Jesus in Thailand
The Christian Asylum Seekers of Bangkok
I confess I'm not one for exotic vacations. Before we were married, I joked with my wife that I would be perfectly happy to go on a mission trip to some unchurched land for our honeymoon; she, being the more reasonable one, wasn't so thrilled with the idea. The very last thing I wanted was to sit on some Caribbean beach, casually sipping daiquiris and wasting away the hours in some otherwise poverty-stricken country.
It's highly ironic, then, that my family recently returned home from a three-year stay in Thailand, ground zero for exotic beach destinations in Southeast Asia, with its pristine, warm-to-the-touch, cerulean waters, its cheap yet delicious cuisine, and its effusively welcoming hospitality industry. Since returning to the United States, we have often been asked by friends or acquaintances what we liked best about Thailand. Surely its vacation spots, food, or foreign culture is the expected answer. So they are taken aback when I tell them the best thing about Bangkok is its predominantly Christian asylum-seeker community.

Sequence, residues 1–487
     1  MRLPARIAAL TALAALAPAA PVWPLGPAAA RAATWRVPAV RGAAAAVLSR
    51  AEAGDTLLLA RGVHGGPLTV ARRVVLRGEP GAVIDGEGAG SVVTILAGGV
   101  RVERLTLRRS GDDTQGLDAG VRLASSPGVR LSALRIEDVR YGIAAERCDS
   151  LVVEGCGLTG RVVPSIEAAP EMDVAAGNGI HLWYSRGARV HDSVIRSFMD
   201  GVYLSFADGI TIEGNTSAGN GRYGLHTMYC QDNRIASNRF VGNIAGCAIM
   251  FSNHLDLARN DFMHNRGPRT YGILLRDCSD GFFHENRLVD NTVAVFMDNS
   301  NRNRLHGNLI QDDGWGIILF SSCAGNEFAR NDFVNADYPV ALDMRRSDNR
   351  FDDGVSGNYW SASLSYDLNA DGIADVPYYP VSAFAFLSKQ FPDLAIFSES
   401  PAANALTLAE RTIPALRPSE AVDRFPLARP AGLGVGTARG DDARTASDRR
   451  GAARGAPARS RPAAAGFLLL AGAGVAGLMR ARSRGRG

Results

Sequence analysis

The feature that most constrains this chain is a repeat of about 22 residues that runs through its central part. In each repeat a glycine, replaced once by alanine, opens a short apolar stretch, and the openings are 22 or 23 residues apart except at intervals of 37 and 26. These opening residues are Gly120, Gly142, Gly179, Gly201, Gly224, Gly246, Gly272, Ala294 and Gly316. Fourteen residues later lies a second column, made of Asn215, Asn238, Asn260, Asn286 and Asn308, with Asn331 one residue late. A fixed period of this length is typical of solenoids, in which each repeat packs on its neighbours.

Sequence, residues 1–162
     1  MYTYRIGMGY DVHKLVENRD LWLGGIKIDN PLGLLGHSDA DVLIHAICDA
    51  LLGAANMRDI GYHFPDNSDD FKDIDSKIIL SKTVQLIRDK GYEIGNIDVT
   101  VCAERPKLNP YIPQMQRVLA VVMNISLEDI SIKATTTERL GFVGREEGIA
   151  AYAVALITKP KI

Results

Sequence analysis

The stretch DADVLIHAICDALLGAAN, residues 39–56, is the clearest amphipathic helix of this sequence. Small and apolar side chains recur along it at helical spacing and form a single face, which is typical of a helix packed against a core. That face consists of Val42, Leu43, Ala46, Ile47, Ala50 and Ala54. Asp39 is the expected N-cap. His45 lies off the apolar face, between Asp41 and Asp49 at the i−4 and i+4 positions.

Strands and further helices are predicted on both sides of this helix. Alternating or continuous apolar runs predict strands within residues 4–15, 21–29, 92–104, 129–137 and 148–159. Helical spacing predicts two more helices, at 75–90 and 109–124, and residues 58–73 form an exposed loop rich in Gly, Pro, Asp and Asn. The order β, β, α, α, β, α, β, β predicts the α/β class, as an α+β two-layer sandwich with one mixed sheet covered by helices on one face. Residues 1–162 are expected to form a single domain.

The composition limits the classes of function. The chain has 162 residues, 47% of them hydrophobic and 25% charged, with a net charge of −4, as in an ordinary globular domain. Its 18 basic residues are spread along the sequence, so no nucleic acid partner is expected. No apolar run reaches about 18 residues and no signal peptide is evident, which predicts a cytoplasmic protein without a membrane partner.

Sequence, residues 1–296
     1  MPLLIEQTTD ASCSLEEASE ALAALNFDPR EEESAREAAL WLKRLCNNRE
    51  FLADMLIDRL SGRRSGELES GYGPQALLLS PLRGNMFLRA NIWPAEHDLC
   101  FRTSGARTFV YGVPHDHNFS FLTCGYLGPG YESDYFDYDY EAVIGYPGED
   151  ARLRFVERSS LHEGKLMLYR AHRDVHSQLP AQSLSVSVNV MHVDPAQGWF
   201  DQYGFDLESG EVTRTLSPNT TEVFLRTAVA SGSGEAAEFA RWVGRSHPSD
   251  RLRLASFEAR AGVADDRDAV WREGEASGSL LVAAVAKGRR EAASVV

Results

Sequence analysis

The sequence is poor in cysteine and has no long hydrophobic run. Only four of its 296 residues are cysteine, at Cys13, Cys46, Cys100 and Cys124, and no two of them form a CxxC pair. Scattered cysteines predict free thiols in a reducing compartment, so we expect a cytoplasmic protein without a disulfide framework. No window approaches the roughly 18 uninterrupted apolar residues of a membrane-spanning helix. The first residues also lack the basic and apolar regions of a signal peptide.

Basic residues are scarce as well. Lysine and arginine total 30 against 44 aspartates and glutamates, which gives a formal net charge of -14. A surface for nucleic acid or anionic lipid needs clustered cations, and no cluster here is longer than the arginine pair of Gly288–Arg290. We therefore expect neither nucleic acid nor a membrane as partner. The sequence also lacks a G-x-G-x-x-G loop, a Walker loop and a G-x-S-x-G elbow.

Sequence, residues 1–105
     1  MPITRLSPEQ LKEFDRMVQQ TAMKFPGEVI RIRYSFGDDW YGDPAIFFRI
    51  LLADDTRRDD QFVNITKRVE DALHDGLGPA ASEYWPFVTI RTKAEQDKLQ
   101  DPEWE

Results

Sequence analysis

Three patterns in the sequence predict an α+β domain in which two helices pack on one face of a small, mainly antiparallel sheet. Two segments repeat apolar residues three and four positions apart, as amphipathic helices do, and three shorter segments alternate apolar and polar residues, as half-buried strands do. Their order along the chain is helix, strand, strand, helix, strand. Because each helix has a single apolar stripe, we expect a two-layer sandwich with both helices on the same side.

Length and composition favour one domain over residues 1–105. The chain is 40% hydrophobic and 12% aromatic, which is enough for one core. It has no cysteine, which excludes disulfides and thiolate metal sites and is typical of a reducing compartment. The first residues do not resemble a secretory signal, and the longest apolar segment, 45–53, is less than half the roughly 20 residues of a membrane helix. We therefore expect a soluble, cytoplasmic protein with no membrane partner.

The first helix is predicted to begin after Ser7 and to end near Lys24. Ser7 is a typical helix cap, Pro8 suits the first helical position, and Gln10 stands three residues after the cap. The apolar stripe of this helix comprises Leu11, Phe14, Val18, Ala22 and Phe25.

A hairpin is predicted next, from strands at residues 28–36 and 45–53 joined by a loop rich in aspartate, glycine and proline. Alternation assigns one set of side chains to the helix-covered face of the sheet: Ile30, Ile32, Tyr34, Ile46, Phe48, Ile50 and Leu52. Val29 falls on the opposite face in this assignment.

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Casey Chalk is a graduate of UVA and a student at the Notre Dame Graduate School of Theology at Christendom College, Front Royal, Virginia. He is also an editor for the ecumenical website Called to Communion (www.calledtocommunion.com)
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